Author Dhruva Rajendra makes the case for an untapped post-purchase need that vehicles could be poised to fill, turning consumers' daily commutes into therapy sessions—in short, wellness on wheels

It's all but inevitable that self-driving cars will become widely used in the next decade or so, assuming Skynet doesn't come online and kill us all.  Whether autonomy happens in 2020 (Elon) or 2030 (everyone else), the car is becoming more and more connected. It's becoming, well, a smartphone. With wheels. And airbags. And child vomit.

Over the past few years, Apple and Google have capitalized on this by launching connected car platforms. Now, your favorite apps, from Waze to Audible, have apps (meaning I can recycle this for more posts later). A while ago, R.I.O.T. covered the possibilities of integrating mental health apps like Talkspace into social media platforms like Facebook. I'd like to offer the connected car gods my own suggestion: Turn a car into a therapist.

Imagine your morning commute. Most of you are in the U.S., meaning you spend approximately 53.2 minutes commuting per day. (Fun fact: The longest average public transit commute in the country is in Idaho, clocking in at 121.4 minutes per day. Idahoans must crush audiobooks.) When you start your car, instead of defaulting to the last thing you listened to, it would ask if you'd like to launch an app, like Talkspace. From here, a few different experiences might emerge.

Upon launching the app, you would be guided through a series of questions to determine your current mental state. It would record the interaction as an event. Over time, you could plot your mental state on a graph, mimicking mood or emotion trackers.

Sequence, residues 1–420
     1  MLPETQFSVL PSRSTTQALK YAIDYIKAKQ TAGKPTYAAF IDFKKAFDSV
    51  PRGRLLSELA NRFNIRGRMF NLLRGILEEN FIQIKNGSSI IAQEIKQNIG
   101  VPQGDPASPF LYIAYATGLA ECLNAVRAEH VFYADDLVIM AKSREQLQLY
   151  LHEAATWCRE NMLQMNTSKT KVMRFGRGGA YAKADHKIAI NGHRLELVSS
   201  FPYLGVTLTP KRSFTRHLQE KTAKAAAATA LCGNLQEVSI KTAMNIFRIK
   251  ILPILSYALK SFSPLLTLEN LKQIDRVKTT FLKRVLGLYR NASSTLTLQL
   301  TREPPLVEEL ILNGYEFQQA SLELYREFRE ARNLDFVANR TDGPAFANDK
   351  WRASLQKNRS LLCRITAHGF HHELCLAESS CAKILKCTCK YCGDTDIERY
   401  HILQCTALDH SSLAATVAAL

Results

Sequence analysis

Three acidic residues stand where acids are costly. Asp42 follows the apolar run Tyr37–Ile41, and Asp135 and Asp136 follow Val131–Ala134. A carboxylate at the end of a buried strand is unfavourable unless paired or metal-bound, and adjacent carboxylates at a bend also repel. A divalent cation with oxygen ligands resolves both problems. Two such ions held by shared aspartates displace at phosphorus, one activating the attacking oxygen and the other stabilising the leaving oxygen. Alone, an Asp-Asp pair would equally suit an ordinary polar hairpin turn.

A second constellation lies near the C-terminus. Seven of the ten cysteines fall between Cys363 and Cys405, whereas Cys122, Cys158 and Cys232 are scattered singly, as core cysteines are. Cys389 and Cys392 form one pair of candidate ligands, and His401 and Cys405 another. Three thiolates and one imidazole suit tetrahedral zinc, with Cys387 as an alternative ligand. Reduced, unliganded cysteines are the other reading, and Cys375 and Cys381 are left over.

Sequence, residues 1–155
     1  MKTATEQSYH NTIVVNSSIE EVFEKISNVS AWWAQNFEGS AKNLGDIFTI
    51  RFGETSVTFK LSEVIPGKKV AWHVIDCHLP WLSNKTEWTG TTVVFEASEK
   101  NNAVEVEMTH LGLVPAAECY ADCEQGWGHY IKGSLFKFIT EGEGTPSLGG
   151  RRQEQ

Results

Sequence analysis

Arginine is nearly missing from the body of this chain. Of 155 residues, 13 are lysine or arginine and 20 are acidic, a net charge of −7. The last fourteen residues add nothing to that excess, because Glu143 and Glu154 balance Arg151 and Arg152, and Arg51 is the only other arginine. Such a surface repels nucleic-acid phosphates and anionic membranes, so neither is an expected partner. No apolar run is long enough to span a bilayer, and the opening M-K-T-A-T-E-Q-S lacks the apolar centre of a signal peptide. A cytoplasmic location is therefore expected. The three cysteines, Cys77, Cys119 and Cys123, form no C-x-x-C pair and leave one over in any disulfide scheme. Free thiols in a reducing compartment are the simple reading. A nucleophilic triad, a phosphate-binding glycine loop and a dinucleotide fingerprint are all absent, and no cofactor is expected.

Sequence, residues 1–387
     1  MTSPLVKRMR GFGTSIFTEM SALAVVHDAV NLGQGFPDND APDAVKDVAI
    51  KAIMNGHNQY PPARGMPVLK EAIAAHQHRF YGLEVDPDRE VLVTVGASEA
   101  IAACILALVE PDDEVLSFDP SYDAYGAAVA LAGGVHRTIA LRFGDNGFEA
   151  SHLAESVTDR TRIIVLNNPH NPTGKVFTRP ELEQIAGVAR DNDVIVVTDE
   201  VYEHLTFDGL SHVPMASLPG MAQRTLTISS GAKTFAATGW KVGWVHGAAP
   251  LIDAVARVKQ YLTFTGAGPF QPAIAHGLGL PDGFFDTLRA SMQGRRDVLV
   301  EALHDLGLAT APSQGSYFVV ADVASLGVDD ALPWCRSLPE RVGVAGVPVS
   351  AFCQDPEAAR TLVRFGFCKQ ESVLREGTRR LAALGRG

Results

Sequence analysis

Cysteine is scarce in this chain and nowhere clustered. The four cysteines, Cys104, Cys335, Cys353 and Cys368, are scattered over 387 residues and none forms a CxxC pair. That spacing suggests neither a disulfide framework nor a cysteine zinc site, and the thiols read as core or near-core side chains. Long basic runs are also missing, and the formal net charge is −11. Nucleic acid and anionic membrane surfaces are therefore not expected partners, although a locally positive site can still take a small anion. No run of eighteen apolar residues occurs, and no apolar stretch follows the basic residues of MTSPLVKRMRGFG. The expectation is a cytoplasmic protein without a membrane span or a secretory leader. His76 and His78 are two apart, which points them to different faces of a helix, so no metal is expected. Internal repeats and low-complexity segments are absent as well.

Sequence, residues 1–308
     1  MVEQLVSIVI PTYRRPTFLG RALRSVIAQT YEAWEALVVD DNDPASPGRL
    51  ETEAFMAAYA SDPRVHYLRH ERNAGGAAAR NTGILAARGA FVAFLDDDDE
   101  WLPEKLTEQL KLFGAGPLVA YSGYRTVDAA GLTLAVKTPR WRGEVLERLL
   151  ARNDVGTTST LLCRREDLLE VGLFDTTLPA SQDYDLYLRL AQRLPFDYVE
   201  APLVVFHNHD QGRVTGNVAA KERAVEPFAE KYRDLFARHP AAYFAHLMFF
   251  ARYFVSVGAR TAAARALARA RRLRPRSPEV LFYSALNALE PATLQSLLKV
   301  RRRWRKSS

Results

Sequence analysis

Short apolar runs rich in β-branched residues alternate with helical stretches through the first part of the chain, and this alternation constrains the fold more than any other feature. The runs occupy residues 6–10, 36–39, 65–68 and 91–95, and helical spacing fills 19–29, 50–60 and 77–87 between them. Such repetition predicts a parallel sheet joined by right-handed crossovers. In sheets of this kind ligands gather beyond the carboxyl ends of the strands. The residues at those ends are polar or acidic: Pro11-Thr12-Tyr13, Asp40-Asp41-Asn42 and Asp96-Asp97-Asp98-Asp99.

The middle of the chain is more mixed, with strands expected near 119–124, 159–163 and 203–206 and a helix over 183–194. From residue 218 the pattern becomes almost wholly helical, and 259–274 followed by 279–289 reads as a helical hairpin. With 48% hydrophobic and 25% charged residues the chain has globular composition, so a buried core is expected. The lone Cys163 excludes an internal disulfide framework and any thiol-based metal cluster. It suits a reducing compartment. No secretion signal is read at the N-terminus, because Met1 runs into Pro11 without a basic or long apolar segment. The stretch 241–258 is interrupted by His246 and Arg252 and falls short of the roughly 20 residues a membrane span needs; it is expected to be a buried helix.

Not down to talk to your car? A few years ago, researchers at Carnegie Mellon developed a computer vision algorithm that can identify mental illness through facial scans. Early tests showed potential for screening depression, suicidality and post-traumatic disorders. This year, Volvo announced it was incorporating cameras into its cars to monitor driver behavior. If someone is distracted, the car pulls itself over. Perhaps the same cameras could figure out how you're feeling and get help if they determine you're a danger to yourself or others.

There are other possibilities, too. When I'm driving to the office, there are two or three different routes I can take through Washington, D.C. They all take the same length of time, give or take a few minutes. If I ask Waze or Google Maps (no, not you, Apple) for directions, the default is always the quickest route. Sometimes, I prefer to add a couple of minutes if it means I can drive through Rock Creek Park and enjoy nature instead of the constant stop-and-go that is Connecticut Avenue.

I might be on to something: A recent study conducted across four European countries found that people who commuted through natural environments experience reduced stress and enhanced mental health.

Back to the commute—you could use the time to listen to your favorite podcast, catch up on the news or jam out. But what about using the time to improve your mental well-being? Based on how you're feeling, or, rather, how the car determines you are feeling, it could customize your audio experience. If you're driving your kids to school or  taking them out, perhaps the car could react to their moods as well. It could deliver all of the above to help put your family at ease.

We spend a lot of time driving. That's a given, at least until the next era: flying cars. The blending of hardware and software could create a significant impact on our well-being. Let's do it, kids.

Find more from Dhruva here.